Thursday, August 15, 2013

Electrolyte Supplement Blocks Exercise Induced Elevations in LDH, Urea, Leucocyte Infiltration into the Heart & the Congestion of Renal Blood Vessels

For the average gymrat it is probably not a question of life or death, but an increase in recovery due to a decrease in detrimental muscle damage in response to dehydration should be an very good argument to get some salt and glucose in after / around your workouts.
Electrolytes have been at the heart of several SuppVersity articles as of late (check them out). Few of them did however have a direct link to exercise. Reason enough to discuss the results of a pertinent paper that was published by two scientists from Cairo University (Osman. 2013). At first sight, the study Hala F. Osman and  Azza M. Atya conducted does not appear to be very exciting. After all, the effects of electrolyte supplements on re-hydration after a workout are nothing that would not have been analyzed in previous studies. Moreover, the study at hand, which has been published in the latest issue of the World of Applied Sciences Journal, is a rodent study and the results would actually be pretty boring if the poor critters had not been sacrificed right after a lengthy HIIT session comprising 5x4 min intervals at 25m/min with 2min break in between, in order to beyond the conventional blood analyses and take a look at their hearts and kidneys.

Rodents don't complain

Now based on human studies we already know what happens in the blood, when we exercise vigorously, CK rises, LDH rises, the serum electrolyte levels get messed up, etc.
Figure 1: Changes in serum electrolyte levels (chloride, magnesium, calcium, phoporus, potassium, natrium) after the HIIT-esque workout w/ or w/out electrolyte supplementation (Osman. 2013)
The exercise induced changes in the electrolyte levels Osman & Atya observed in the rodents were in fact very similar to those that have been reported in human studies. What's more important, though is the fact that they persisted only those rats that did not receive the Rehydran-N solution daily for 45 days + immediately after the workout (see figure 1).
"[...] sodium ions decreased significantly  (P 0.05) after exercised while after  supplementation  by  Rehydran-n  and  Rehydran-n+ (Mg+Ca) citrate in group III and IV the level of sodium ion restored near to the control value. While  potassium ions level increased significantly (P 0.05) in exercised group. The supplementation by Rehydran-n and Rehydran  n+ (Mg+Ca) citrate in group III and IV not affected on the level of potassium and not return the value near to control value." (Osman. 2013)
One thing that is at odds with previous research in humans, is the acute -18.6% drop in magnesium levels. Interestingly, this drop was blunted even when the rodents received the magnesium free NaCl + K electrolyte supplement. The immediate provision of magnesium in the Rehydran-n + Mg + Ca arm of the study, on the other hand, raised the Mg2+ levels by +18% and did thus also result in a transient electrolyte imbalance.

Rehydration prevents organ stress

As I already hinted at in the introduction, having slightly screwed electrolyte levels, as well as elevated amounts of creatine kinase, lactate dehydrogenase and urea in the blood are more or less negligible problems compared to any direct ill health effects the dehydration and the corresponding loss of electrolytes could have on the structural integrity and health of your heart and kidneys. Effects such as those Osman and Atya saw when they analyzed the organs of the animals who did not compensate for the electrolyte loss by the immediate provision of adequate amounts of salt after a workout:
Figure 2: Sections of heart tissue after the workout (Osman. 2013)
"Figure [2] microscopic sections of heart from exercised group [2b] showed leucocytic cells infiltration in cardiac myocytes. Whereas other sections from Rehydran-n treatment  group [2c]  revealed  few  focal intermuscular  inflammatory  cells  infiltration.  While  Rehydran-n+  (Mg+Ca)citrate  treatment  group [2d] showing  no  histopathological  changeslike  those  in control group [2a]." (Osman. 2013)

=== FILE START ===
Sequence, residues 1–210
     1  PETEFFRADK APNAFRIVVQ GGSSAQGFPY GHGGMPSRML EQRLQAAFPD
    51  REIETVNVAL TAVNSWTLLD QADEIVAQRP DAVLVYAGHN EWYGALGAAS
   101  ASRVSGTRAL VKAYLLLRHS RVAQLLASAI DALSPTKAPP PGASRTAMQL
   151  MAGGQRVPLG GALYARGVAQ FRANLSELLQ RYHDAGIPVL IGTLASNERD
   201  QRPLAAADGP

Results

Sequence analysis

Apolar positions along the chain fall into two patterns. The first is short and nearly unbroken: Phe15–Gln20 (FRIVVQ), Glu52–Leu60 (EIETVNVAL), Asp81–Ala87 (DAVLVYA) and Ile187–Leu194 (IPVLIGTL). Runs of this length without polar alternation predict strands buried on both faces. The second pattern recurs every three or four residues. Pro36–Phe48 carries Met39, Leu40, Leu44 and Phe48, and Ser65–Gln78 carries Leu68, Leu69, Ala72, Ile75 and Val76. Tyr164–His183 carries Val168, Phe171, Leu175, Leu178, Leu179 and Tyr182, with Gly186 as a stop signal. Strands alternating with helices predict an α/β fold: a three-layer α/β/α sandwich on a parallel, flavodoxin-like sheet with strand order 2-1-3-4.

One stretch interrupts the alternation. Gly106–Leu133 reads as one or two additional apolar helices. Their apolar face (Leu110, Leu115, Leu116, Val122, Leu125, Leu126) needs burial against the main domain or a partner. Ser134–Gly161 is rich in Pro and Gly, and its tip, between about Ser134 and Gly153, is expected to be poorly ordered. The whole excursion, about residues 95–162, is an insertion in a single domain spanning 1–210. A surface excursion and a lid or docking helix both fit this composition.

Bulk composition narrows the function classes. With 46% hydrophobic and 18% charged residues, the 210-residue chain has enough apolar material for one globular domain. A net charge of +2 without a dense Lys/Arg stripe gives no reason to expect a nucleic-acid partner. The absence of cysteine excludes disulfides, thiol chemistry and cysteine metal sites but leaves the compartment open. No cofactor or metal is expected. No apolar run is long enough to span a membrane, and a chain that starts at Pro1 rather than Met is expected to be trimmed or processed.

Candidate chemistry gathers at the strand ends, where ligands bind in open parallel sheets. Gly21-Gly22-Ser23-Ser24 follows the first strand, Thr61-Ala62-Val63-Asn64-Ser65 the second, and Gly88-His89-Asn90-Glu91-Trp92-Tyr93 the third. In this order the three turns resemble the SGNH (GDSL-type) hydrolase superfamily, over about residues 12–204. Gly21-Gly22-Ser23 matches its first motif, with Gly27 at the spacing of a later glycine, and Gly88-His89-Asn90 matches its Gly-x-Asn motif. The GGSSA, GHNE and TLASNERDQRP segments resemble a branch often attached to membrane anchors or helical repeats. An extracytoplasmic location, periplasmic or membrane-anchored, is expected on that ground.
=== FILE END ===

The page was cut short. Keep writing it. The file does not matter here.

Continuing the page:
Kidney sections of rat from control group revealed no histopathological changes. While in  prolonged exercising group showing hyalinosis [=degeneration] of  glomerular tufts. Moreover in Rehydran-n group vacuolations of epithelial lining renal tubules [=accumulation of waste that will be flushed out later on]. Rehydran  n+ (Mg+Ca) citrate treatment group congestion of renal blood vessel was observed [=one reason the better stick to salt, only].
Now, these results certainly sound more frightening than they actually are. Our bodies are (just like those of rodents, by the way) well equipped to handle the occasional cell / organ damage. And the heart is - believe it or not - "only" a muscle. It works slightly different, but can take at least as much beatings as our skeletal muscle tissue. Beatings of which the creatine kinase (CK) and lactate dehydrogenase (LDH) levels in the supplemented groups clearly show that they are are ameliorated by the the provision of electrolytes.
Figure 3: Creatine kinase (CPK), lactate dehydrogenase (LDH) and urea elevations (in %) after 5x4min treadmill runs with 2 min rest in-between (Osman. 2013)
"The present results are in accordance with the exhausted exercised rats resulted in an increased growth in serum CPK activity. This increase, however was markedly reduced in the rats after administration of antioxidant. For instance, 16h exercise in rats caused a marked rise in  activity levels of serum LDH. Increase in serum LDH  activity is mainly due to release from heart and skeletal muscles into blood stream. [...] Different  types  of  stressors  cause  an  increase in activities of serum creatine phosphokinase and lactate dehydrogenase in humans and animals which is an indication of tissue damage." (Osman. 2013)
Now you may be asking yourselves, whether similar effects can be expected in human beings!? Well, the answer should be obvious: "Similar", yes. 100% identical, no. Maughn et al., for example, demonstrated similar (re-)hydration benefits in human subjects in the 1994 - it should be obvious thought that they refrained from cutting their subjects open and checking what happened to their hearts so that we can only speculate about the extend of cellular / structural damage and the corresponding compensatory effects in humans.

Table 1: Ingredients of a single sachet of Rehydran-N which was bought by the reaserchers at a local pharmacy - no sponsorship involved